Book Review: Revisiting Mohsin Hamid’s ‘How to get Filthy Rich in Rising Asia’

The much acclaimed Pakistani writer, Mohsin Hamid, author of ‘Moth Smoke’ and ‘The Reluctant Fundamentalist’ has also written ‘How to get Filthy Rich in Rising Asia’.

The book, which is styled as a self-help book, doles out advice about certain teachings on life through the eyes of the reader who is referred to as ‘you.’ Hamid uses the second person narrative technique in his novel and that makes it so unique. The reader cannot grasp the style of writing immediately and takes time to comprehend what the author is trying to explain.

The book begins with an unnamed self-help guru as the central character who explains how to become filthy rich in rising Asia. The main thematic concern is how the only way out of a life of impoverishment is to move to the city. The pivotal concern is the social instability-that of class hierarchy and inequality.

Hamid gives several rules to follow in order to become filthy rich. Ironic and layered with sarcasm, the rules are wicked and fraudulent as they point to the decadent society, corrupt to the core.

The first rule he states to change your destiny is to acquire education. Gaining knowledge will help build a solid foundation for a prosperous career. “Getting an education is a running leap towards becoming filthy rich in rising Asia. This is no secret.”

“There are forks in the road to wealth that have nothing to do with choice or desire or effort, but with chance.”

Hamid reverses his philosophy on how education will lead to prosperity, when he stresses upon good-luck and chance to be the driving forces behind accumulating wealth. He once again negates his own claim on the value of education.

The next rule on how to become rich is to not ‘fall in love.’

“As far as getting rich is concerned, love can be an impediment. Yes, pursuing love and pursuit of wealth have much in common. Both have the potential to inspire, motivate, uplift and kill.”

As the narrator falls in love with a neighborhood teenager, referred to as the ‘pretty girl’ he is left broken-hearted when she breaks the news that she is leaving to join the fashion industry.

Avoiding idealists is also a way forward to amassing wealth. The two ideals our society lacks are ‘advanced schooling’ and ‘rampant nepotism.’

Nowadays ideals don’t help. An example is how exam invigilators for a little amount of money are ‘willing to overlook neighborly cheating’ and that advanced education is only a privilege that the filthy rich can afford!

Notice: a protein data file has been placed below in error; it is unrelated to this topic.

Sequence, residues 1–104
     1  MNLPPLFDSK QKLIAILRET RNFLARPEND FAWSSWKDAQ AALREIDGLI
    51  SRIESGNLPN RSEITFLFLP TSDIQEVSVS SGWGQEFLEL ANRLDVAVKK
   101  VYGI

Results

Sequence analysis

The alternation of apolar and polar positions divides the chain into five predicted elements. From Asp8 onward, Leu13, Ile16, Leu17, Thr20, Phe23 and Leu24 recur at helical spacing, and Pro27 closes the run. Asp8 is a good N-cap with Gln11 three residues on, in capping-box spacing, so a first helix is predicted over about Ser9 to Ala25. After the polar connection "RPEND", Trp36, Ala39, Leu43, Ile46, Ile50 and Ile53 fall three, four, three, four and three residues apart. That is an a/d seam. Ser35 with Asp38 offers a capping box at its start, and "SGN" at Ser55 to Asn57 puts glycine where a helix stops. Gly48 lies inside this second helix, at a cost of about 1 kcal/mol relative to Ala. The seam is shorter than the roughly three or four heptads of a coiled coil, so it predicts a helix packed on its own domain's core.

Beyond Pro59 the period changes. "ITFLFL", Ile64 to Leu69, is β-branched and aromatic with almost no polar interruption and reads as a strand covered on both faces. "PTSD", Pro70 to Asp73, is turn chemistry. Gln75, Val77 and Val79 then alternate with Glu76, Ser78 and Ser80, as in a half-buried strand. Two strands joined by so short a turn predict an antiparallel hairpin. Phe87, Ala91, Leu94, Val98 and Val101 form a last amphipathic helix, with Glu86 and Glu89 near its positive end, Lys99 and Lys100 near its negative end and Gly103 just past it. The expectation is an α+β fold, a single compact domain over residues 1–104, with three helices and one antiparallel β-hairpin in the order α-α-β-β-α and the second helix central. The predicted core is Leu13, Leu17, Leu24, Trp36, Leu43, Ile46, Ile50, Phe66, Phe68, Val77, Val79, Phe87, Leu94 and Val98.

A self-help book has two essential components. ‘First, the help it suggests should be helpful. And second, the self it’s trying to help should have some idea of what help is needed.’

And it is here that the fourth rule comes in ‘to work for yourself.’ ‘Readers don’t work for writers.’ Readers read out of passion and not always for making money through the print media.

Hamid focuses on how it is important to learn from a ‘master.’ Who is a Master? One who is an experienced and skilled person who acts as a mentor and trains his novice. As a result, your career progresses gradually. You open a business of packaged water to prevent the spread of viral infections caused by the government’s local supply of water. You become rich and defeat your business rivals, making them go out of business.

The next rule is to ‘befriend a bureaucrat.’ The author states:

“But in Rising Asia, where bureaucrats lead, bankers follow, and so it is on befriending the right bureaucrat that your continued success critically depends.”

Hamid pinpoints on how bribery and nepotism are the key elements to attaining a stately fortune in Asia.

Hamid is nearing the end of the book. Your longing for the pretty girl heightens. She is now a full-fledged model. You marry a girl half your age, have a son and continue to grow your business.

As time passes, your business empire grows. Your son goes to America to study. Your marriage falls apart. Your business crumbles. Friends, allies, relatives turn against you. You suffer from 2 heart attacks and you shift to a hospital. Under such circumstances, what is the fundamental to follow tells Hamid? And I quote:

“The advice is unaffected by the loss of your wealth, since it applies to those of modest means too. And the advice is this. Focus on the fundamentals.”

And the fundamental to follow is love!

The only way forward is to reconnect with the pretty girl, who is now an old woman. You bring a romantic relationship with her, which was only to last a few years as she falls prey to cancer. All you have now is to wait on your deathbed. Your life is for death to reunite you with her in heaven.

The writer ends his book here. As the narrator lies on his deathbed, his entire life flashes before him. The only consolation he has is that he exits this world with a calmness and dignity that he preserved in his worldly life.

Hamid is a writer beyond bounds. Through his marvelous writing skills, he traverses the different issues of South Asia in a manner that is endearing and exciting.

Beenish Mahmood has a double Master's in English Literature with almost a decade of experience in magazine journalism. She is passionate about South Asian Fiction and environmental issues. She can be reached through email at